Flow dynamics, sedimentation and erosion of glacial lake outburst floods along the Middle Pleistocene Scandinavian Ice Sheet (northern central Europe)

Jutta Winsemann*, Petteri Alho, Leena Laamanen, Nils Goseberg, Jörg Lang, Josef Klostermann

*Corresponding author for this work

Research output: Contribution to journalArticleScientificpeer-review

15 Citations (Scopus)

Abstract

During the Middle Pleistocene late Saalian glaciation of northern central Europe numerous pro-glacial lakes formed along the southwestern margin of the Scandinavian Ice Sheet. Little is known about the drainage history of these lakes, the pathways of glacial lake outburst floods and their impacts on erosion, sedimentation and landscape evolution. This study investigated the impact of the late Saalian Weser and Münsterland Lake (Germany) outburst floods. In particular, we reconstructed the routing and flow dynamics of the lake outburst flood and analysed the flood related sediments. We employed one-dimensional hydraulic modelling to calculate glacial lake outburst flood hydrographs. We modelled the flow pathway and local flow conditions along the pathway based on the boundary conditions of two different hydrographs and two different ice-margin positions. The modelling results were compared with geomorphological and sedimentological field data in order to estimate the magnitude and impact of the flood on erosion and sedimentation. Two major lake drainage events are reconstructed for the study area, during which approximately 90-50 km3 of water was released. Modelling results indicate that the lake outburst floods created a high-energy flood wave with a height of 35-50 m in confined valley areas that rapidly spread out into the Lower Rhine Embayment eventually flowing into the North Sea basin. The sedimentary record of the outburst floods comprises poorly sorted coarse-grained gravel bars, long-wavelength bedforms and sandy bedforms deposited by supercritical and subcritical flows. Some parts of the sandy flood deposits are rich in reworked mammoth bones or mammoth and horse teeth, pointing to reworking of older fluvial sediments, hydraulic concentration and subsequent re-sedimentation of vertebrate remains. These deposits are preserved in sheltered areas or at high elevations, well above the influence of postglacial fluvial erosion. The flood-related erosional features include up to 80-m-deep scour pools, alluvial channels and streamlined hills.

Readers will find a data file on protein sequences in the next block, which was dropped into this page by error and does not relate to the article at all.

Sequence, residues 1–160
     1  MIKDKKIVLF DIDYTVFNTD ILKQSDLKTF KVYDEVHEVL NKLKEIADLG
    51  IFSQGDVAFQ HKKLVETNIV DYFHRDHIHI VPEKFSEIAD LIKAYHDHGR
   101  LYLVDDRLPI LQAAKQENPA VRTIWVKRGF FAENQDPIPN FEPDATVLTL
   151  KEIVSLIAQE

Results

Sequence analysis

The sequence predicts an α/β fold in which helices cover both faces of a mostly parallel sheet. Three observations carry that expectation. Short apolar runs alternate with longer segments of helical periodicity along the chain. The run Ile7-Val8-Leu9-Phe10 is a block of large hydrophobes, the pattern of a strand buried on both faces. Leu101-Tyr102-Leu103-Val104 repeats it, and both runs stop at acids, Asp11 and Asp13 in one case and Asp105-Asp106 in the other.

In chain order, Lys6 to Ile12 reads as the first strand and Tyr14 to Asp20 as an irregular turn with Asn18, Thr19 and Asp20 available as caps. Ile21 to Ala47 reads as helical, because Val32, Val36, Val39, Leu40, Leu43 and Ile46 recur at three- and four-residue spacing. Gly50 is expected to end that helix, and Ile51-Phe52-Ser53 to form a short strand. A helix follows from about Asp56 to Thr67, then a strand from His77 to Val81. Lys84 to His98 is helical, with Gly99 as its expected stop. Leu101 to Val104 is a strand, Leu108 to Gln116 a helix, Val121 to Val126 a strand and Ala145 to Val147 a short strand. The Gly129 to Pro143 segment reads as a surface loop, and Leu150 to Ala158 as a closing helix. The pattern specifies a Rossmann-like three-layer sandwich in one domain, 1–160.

Original languageEnglish
Pages (from-to)260-283
Number of pages24
JournalBOREAS
Volume45
Issue number2
DOIs
Publication statusPublished - 1 Apr 2016
MoE publication typeA1 Journal article-refereed

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